The media on both sides of the Atlantic was last week reporting on the case of an 11 year-old American boy who has pulled out much of his hair due to a psychological disorder.
Max Sherwood, who lives in the US state of Iowa, began pulling his eyebrows out during his second grade of school, aged around 8. After stopping briefly, he then began to pull the hair out of his scalp at age ten. This resulted in bald patches on his scalp, and his mother was very worried.
After finding out that her son suffered from Trichotillomania, a habitual psychological disorder in which the sufferer pulls his or her own hair out, mother Candace tried to learn as much as she could about the condition. After attending a conference on Trichotillomania, she discovered a US charitable organisation called the Hair Club for Kids. They provide children in America with free hair pieces to conceal or treat their hair loss.
Young Max was fitted with a synthetic hairpiece which is woven into the hair, and is designed to prevent Trichotillomania sufferers from being able to pull their hair out. His mother explained that, “because of the glue in the hair system, he couldn’t pull his hair out and he retrained his brain to focus on things other than pulling his hair.” It seems that the new hair system worked, as mum reports that he stopped pulling his hair out after several months.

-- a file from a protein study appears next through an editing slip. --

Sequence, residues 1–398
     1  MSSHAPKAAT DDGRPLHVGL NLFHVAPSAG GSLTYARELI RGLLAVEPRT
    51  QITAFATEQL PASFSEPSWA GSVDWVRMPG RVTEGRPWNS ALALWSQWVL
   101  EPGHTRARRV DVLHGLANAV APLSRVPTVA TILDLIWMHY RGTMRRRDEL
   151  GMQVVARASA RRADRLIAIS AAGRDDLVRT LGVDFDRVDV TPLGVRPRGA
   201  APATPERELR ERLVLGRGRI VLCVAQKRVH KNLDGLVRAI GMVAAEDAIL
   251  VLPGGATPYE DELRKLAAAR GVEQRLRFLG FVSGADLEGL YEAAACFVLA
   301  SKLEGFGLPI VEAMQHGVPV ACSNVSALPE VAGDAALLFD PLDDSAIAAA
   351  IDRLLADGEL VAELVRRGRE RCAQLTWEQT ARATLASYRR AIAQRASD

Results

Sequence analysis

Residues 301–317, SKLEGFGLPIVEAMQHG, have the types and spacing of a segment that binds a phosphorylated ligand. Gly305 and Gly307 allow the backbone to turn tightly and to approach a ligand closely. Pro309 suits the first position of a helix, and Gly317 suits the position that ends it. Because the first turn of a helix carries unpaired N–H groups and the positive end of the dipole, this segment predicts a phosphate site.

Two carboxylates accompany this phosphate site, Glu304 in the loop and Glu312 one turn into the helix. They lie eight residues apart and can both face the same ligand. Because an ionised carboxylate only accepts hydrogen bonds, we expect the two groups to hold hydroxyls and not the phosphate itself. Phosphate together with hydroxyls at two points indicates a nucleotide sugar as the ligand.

What is Trichotillomania?
Unlike other common hair loss conditions such as Alopecia and Male Pattern Baldness, Trichotillomania is self-inflicted. It is caused by a psychological obsession with hair, which results in sufferers twisting, pulling and plucking strands of hair out on a regular basis. The scalp is the most common area which is selected for this hair-pulling, but eyebrows, eyelashes, facial hair and other body hair can also be the target in some cases.
In many cases, the Trichotillomania sufferer is not even aware of what they are doing, as it becomes a sub-conscious and automatic action. As the condition continues it can lead to bald patches and thinning of the hair.
Treatments for Trichotillomania
The key to treating Trichotillomania lies in weaning oneself off the habit. In Max’s case, his mother says that he now stretches an elastic band instead of pulling his hair out. Provided that the hair follicles are still intact, the hair can and will fully re-grow.
A non-surgical hair replacement such as that featured in this story can be used to not only hide the hair loss but also prevent the person from pulling out further hair. The Belgravia Centre uses this method to successfully treat Trichotillomania sufferers, along with pharmaceutical treatments if necessary.
If you or a member of your family suffer from Trichotillomania, we can help. Our hair loss experts have had a lot of experience in treating Trichotillomania, and most other hair loss conditions.